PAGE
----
Questions tagged [metrology]

The study of measurements

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Why is ampere defined with $2 . 10^{-7}$? [duplicate]

The formal definition of the Ampere is that it is the constant current which, if maintained in two straight parallel conductors of infinite length, of negligible circular cross-section, and placed one ...
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Why is the meter considered a basic SI unit if its definition depends on the second?

The metre is the length of the path travelled by light in vacuum during a time interval of 1  ⁄ 299792458 of a second. – 17th CGPM (1983, Resolution 1, CR, 97), source The meter (or metre) is ...
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Why do physical units have different prefixes than the ones used for counting? [closed]

For counting, we use thousand, million, billion, trillion etc. For physical quantities, thousand becomes Kilo, million is Mega and (short scale) billion is Giga. In both these systems, the consecutive ...
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Is a micrometer a type of caliper?

Wikipedia says: A caliper is a device used to measure the distance between two opposite sides of an object. Therefor under this definition doesn't a micrometer also count as a caliper?
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Why is the mol a fundamental physical quantity? [duplicate]

I am starting to study physics in detail and as I read about physical quantities, I was puzzled why mol (amount of substance) is taken as a physical quantity. A physical quantity is any quantity ...
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How can a beam balance measure mass?

In Newtonian physics, mass is the amount of matter in an object. So, how can a beam balance measure the amount of matter in an object (which is the mass of the object).
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What is the meaning of non-integer powers of physical units in electrodynamics? [duplicate]

In the gaussian system the unit of the charge is the statcoulomb (statC), defined as $$ \mathrm{statC =dyn^{1/2} cm= cm^{3/2} g^{1/2} s^{−1}}$$ to be consistent with the fact that the Coulomb force is ...
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A unit that is not coherent?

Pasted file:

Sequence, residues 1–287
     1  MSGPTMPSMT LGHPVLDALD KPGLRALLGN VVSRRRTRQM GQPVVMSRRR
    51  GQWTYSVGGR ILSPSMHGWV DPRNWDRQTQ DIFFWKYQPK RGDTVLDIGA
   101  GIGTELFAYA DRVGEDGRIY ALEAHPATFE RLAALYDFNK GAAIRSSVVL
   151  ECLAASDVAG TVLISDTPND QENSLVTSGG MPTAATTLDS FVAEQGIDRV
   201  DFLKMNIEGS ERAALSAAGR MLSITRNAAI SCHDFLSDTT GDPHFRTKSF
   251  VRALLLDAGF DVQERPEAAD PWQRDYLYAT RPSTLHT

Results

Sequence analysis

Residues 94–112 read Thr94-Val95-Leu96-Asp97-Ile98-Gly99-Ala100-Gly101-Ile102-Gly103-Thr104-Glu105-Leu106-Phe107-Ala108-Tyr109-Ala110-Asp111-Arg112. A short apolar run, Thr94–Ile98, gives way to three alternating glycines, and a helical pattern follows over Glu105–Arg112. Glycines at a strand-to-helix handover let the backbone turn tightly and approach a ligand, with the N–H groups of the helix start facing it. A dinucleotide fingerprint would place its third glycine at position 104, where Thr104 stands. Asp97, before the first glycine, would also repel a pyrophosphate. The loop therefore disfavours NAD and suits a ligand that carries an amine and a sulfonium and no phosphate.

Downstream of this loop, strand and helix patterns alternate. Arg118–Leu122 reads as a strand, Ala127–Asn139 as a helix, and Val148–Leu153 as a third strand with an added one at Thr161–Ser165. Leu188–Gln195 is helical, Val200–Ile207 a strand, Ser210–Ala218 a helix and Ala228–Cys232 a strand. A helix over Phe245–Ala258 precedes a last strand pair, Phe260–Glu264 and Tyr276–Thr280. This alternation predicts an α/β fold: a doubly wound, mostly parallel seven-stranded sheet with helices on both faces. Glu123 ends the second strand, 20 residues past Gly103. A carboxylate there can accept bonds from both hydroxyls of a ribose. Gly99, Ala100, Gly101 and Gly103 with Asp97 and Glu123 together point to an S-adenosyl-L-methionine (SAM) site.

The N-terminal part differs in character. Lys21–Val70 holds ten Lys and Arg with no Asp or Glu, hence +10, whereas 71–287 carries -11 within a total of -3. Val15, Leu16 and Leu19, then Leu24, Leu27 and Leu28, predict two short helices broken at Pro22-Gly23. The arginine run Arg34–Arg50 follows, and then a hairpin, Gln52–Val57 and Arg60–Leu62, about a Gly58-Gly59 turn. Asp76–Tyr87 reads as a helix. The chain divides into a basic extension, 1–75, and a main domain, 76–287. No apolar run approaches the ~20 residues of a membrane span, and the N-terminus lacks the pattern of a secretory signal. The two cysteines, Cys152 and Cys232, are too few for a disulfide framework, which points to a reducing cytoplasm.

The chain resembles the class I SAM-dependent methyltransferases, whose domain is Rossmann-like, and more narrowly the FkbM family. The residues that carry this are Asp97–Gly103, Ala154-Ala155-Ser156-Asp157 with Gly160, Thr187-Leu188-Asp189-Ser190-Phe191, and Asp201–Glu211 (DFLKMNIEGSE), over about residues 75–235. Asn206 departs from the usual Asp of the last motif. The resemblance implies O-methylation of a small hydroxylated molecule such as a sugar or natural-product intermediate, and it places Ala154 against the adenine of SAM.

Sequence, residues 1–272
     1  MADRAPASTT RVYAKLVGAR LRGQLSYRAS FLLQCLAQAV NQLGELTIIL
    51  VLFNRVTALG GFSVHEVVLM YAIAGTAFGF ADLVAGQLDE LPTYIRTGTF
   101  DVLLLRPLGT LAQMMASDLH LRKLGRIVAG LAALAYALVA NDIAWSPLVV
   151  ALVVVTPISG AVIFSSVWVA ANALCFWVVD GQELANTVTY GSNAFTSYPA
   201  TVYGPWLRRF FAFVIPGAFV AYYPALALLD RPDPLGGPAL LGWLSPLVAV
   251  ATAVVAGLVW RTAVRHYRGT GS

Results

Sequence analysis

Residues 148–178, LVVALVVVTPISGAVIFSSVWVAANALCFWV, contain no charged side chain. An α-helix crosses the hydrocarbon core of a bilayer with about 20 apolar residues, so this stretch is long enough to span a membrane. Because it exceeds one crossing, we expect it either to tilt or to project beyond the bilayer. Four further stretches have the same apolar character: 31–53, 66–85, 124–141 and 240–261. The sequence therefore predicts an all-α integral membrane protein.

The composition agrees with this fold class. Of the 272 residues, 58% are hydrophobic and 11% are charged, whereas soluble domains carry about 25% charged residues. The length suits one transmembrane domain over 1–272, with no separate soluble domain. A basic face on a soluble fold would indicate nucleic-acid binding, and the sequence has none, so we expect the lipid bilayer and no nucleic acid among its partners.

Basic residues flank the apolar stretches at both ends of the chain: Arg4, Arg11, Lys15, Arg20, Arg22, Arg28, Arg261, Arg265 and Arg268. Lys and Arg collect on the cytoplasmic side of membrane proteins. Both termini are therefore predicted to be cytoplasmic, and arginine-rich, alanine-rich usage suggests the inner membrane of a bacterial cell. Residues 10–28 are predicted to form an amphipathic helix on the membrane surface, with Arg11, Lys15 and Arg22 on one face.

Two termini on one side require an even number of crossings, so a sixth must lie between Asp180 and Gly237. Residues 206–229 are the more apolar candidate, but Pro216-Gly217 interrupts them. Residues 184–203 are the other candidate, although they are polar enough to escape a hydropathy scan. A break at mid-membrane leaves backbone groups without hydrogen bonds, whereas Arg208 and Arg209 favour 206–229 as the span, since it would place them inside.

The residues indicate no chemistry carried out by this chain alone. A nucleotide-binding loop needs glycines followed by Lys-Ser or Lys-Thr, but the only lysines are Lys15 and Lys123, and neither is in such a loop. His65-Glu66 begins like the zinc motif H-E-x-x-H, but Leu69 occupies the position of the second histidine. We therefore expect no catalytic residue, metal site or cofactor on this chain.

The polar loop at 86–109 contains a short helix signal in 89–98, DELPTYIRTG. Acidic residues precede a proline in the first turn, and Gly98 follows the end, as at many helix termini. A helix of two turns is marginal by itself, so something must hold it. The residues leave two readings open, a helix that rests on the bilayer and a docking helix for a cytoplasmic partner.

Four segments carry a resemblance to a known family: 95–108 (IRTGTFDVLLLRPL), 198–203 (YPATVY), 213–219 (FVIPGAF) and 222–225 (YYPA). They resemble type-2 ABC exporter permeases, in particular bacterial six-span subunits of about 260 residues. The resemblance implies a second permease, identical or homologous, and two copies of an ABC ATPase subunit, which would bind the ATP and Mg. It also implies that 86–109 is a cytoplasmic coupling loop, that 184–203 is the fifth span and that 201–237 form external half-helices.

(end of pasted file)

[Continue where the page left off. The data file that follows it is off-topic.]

"Derived units are defined as products of powers of the base units. When the product of powers includes no numerical factor other than one, the derived units are called coherent derived units" I know ...
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How can I calibrate a limited-range thermometer?

I've got an electronic weather thermometer with a limited range (roughly -20°C to 40°C, in 0.1° intervals). How could I go about calibrating it using household equipment? Getting a 0°C data point is ...
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How measurements for defining a second were made?

As many of you know, the second is defined as the duration of 9,192,631,770 periods of the radiation corresponding to the transition between the two hyperfine levels of the ground state of the ...
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303 views

What's the motivation to define the unit of current as fundamental in SI system? [duplicate]

The charge in electromagnetism seemingly plays the same role like mass in the Newtonian mechanics.But why we define the current unit (Ampere) in SI system as the fundamental rather than charge unit?
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How to get rid of electric attraction between PP (polypropylene, polystyrene) and human body?

I am doing some paint mixings involving quite precise proportions of paints. I am mixing my components in PP or PS (polypropylene, polystyrene) 60ml bottles, see: Bottles datasheet Quite often, my ...
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Does a precise definition of the meter not involving light exist, so that variation of $c$ can be tested?